A worksheet made by a teacher and distributed to middle-class students in Northern Virginia’s Loudoun County has been pulled after parents found out it labeled the KKK as a “right-wing” group.
A worksheet in a Virginia middle-school civics class that identified the Ku Klux Klan as a “right wing” group was removed after complaints.
The worksheet, circulated in an eighth-grade class at Harmony Middle School in Loudoun County, was titled “Political Spectrum.” A completed, handwritten version that circulated online described different political ideologies, from “left wing” to “right wing.” It said liberals “support change or try new ideas,” for example, while conservatives are “traditional” and “cautious.”
School officials reportedly said the worksheet had been made by a teacher and wasn’t part of the school’s curriculum. But regardless of how the worksheet came to be, parents were understandably peeved to find their kids coming home with papers linking a mainstream political movement that encompasses nearly half the country with a radical racist fringe group.
Loudoun County School Board member Eric J. DeKenipp reportedly told the Washington Post, “To correlate an organization such as the KKK, which has no official affiliation to the [Republican] party . . . that’s not factual. That’s an opinion. I’m not sure that that belongs in the curriculum.”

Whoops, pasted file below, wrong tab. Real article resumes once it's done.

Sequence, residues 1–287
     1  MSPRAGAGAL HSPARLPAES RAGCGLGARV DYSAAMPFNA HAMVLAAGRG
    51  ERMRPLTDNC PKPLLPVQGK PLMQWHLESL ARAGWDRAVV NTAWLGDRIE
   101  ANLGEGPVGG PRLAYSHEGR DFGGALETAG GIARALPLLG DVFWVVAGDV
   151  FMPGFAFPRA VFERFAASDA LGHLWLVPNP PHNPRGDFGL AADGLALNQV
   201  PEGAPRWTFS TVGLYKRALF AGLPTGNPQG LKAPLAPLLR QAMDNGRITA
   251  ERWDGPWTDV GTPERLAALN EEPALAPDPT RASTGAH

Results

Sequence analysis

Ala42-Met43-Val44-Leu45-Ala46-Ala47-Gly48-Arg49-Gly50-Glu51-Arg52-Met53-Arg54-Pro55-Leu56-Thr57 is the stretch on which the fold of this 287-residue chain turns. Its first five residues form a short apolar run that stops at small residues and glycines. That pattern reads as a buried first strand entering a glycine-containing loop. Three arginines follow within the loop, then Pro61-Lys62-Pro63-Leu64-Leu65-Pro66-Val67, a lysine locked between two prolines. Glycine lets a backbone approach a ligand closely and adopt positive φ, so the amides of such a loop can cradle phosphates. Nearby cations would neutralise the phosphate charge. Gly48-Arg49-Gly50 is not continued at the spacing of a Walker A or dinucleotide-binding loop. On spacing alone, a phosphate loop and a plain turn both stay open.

Of course, the Washington Post couldn’t simply report the story straight without getting in a jab or two at conservatives, arguing via a liberal professor they dug up that the worksheet, while perhaps uncomfortable to many, was actually pretty accurate:
Linda Gordon, a New York University professor and author of “The Second Coming of the KKK: The Ku Klux Klan of the 1920s and the American Political Tradition,” reviewed the worksheet and said that it had multiple errors, but that she thought the KKK was characterized correctly.
…“Right-wing extremes are characterized above all by bigotry,” she wrote in an email. “Many of these groups can be called fascistic . . . because they respect and even elicit violent behavior. In this definition of right-wing extremism, the KKK fits of course because its basic ideology is about white supremacy.”
We’ll just pave right over the basic historical fact that the KKK was actually founded by Democrats in Democrat-controlled states and propped up by Democratic politicians – the same side of the political aisle that continues to systemically oppress minorities through government-enabled cycles of poverty, addiction and violence to this day. Nothing to see here.
But even setting that side, by Gordon’s logic – and the Washington Post’s, by insinuation – if the Right has to take ownership of the largely defunct KKK, the political Left gets to claim the fine folks over at Antifa and Black Lives Matter who regularly beat people with bats and bike locks, torch buildings and cars, and openly declare war against white people or those who voted for Donald Trump.
Let me know when you see that on a middle school worksheet.